|Ethical investment||The AustralianSuper Socially Aware option doesn't invest in Australian or international companies that directly own coal and fossil fuel reserves, produce tobacco or those which have single-gender boards. AustralianSuper lists all its fund holdings on its website.|
If you had $50,000 invested in AustraliaSuper Socially Aware you'd pay annual fees of $501.18.
|The Hostplus Socially Responsible Investment Balanced option invests in companies that "contribute to a socially and environmentally sustainable world". Hostplus lists all the holdings in this investment option on its website, and also lists the companies that it actively excludes (these are largely controversial weapon manufacturers and tobacco companies).|
If you had $50,000 invested in Hostplus Socially Responsible Investment Balanced you'd pay annual fees of $583.00.
|Mobile app||The AustralianSuper app has a 3.6 star rating from users in the Google Play store, and a 3 star rating in the Apple store.||The Hostplus mobile app has a 3.9 star rating from users in the Google Play store, and a 4.5 star rating in the Apple store.|
How do the default MySuper products compare?
Both funds are popular industry super funds, with AustralianSuper the larger of the two having significantly more members and more funds under management than Hostplus.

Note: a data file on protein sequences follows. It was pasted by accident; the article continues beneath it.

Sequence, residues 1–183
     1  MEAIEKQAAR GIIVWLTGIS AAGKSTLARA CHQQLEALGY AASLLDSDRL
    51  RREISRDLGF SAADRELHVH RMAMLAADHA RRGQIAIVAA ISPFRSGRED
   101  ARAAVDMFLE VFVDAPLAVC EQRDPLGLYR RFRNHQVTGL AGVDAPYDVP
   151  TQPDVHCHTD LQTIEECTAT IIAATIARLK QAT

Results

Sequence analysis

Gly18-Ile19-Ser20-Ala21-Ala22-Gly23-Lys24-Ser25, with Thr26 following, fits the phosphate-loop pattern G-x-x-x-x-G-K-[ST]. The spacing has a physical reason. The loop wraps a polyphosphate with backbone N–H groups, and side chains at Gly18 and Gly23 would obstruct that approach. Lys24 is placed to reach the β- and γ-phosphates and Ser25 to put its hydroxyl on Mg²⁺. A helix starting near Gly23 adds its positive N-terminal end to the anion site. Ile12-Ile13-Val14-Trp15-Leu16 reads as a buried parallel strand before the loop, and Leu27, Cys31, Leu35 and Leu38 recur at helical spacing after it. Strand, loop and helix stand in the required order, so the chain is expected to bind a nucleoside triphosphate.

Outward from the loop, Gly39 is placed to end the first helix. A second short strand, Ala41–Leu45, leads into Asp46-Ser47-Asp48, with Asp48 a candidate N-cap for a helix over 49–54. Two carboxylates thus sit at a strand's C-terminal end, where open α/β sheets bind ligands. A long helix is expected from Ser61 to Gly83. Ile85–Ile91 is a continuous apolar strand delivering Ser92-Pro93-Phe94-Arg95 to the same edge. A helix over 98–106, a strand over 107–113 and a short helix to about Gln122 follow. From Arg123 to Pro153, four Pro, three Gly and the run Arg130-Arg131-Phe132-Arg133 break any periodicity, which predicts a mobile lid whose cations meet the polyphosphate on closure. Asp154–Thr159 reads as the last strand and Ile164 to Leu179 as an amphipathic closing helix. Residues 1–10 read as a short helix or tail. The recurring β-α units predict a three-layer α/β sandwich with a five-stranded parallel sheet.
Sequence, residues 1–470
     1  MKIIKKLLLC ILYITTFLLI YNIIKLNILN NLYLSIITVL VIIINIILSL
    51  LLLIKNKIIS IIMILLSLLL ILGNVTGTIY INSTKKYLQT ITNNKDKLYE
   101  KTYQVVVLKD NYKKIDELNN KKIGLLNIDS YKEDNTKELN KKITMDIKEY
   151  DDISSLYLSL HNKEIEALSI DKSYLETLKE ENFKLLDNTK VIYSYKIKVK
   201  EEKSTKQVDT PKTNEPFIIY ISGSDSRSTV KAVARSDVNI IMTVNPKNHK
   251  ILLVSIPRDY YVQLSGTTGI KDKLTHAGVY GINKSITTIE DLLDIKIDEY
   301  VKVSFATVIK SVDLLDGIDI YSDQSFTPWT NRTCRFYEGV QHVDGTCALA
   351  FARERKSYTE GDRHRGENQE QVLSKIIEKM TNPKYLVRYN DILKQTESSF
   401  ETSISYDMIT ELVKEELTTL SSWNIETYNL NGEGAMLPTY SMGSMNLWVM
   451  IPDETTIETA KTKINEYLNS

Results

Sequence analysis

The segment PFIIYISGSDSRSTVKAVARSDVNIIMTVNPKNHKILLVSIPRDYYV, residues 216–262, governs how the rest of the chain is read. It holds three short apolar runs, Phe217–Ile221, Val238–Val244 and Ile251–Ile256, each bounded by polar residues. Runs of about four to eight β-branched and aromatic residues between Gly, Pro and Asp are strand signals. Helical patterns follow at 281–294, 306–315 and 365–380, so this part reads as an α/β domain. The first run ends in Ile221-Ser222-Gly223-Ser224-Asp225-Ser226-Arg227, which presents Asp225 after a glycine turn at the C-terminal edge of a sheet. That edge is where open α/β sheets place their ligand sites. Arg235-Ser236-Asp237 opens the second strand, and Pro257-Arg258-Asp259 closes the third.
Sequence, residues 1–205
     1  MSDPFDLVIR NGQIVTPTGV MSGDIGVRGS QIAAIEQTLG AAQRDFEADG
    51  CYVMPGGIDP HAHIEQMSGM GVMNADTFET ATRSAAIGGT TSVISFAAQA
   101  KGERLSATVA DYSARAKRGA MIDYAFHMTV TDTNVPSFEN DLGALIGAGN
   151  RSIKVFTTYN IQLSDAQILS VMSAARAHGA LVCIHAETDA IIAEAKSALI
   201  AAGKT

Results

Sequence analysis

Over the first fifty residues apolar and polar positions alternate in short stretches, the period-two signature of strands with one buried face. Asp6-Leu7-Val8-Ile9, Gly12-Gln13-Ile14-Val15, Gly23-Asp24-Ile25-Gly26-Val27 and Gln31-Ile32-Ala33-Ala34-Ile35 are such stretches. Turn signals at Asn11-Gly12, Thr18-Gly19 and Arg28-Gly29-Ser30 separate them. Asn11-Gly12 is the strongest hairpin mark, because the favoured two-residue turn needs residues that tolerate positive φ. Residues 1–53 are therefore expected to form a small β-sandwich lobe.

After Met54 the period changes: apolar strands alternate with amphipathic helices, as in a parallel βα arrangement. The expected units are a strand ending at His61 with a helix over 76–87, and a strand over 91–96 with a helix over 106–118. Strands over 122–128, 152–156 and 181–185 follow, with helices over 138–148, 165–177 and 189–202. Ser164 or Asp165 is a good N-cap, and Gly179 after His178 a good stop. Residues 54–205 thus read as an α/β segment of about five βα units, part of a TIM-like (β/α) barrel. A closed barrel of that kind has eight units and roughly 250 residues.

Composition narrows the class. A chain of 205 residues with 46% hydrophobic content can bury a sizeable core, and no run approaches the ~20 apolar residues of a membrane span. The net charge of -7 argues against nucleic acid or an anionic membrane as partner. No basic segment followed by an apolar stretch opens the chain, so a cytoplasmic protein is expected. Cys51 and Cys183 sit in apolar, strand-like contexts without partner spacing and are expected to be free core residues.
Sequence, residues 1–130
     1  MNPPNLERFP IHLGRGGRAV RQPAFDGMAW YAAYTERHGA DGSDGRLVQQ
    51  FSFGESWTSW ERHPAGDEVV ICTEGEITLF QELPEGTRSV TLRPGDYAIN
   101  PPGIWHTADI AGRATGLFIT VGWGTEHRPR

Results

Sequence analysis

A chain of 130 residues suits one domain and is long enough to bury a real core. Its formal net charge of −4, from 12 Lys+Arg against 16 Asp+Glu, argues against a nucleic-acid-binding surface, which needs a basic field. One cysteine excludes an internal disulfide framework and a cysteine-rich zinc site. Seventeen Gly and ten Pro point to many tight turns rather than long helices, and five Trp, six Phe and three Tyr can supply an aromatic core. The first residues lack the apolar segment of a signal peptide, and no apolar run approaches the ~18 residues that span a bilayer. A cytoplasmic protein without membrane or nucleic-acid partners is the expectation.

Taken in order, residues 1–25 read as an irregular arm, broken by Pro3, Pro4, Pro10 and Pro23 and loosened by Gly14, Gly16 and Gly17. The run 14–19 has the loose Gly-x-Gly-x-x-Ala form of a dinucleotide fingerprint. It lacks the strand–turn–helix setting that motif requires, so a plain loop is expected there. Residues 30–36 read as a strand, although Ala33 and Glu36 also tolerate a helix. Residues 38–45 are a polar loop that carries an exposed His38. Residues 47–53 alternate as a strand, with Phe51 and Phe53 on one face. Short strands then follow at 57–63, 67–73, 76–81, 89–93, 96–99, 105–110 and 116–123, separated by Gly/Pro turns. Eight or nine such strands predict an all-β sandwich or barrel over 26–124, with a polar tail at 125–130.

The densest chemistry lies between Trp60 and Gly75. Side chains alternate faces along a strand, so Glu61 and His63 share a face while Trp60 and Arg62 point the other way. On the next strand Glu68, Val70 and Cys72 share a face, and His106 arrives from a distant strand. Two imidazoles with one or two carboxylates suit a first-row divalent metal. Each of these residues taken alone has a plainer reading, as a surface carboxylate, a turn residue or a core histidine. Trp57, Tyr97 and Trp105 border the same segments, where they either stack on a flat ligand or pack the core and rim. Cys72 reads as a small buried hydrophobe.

The two default MySuper options are AustralianSuper Balanced and Hostplus Balanced. These two products are very similar; both are authorised MySuper products, both are pre-mixed, diversified funds and both have exposure to unlisted assets (like infrastructure).
AustralianSuper Balanced is a higher-risk investment option than Hostplus Balanced. AustralianSuper Balanced has a standard risk measure of "High" and predicts 5 negative annual returns in every 20-year period. Hostplus Balanced has a standard risk measure of "Medium to High" and predicts 3 to 4 negative annual returns in every 20-year period.
How do their fees and performance figures compare?
Looking at the default options, Hostplus has delivered slightly better returns over the past 3, 5 and 10 year periods. The difference in these figures is only minor and both funds are top-performing funds compared to others in the market.
In terms of fees, AustralianSuper Balanced charges lower fees than Hostplus Balanced. So if you're looking at both these default options, you'd be paying more with Hostplus. This becomes increasingly apparent the larger your balance is: with a balance of $100,000 the fees charged by Hostplus Balanced are almost double that of AustralianSuper Balanced.
However, Hostplus does offer several low-fee indexed investment options (more on this below).
How do the additional investment options compare?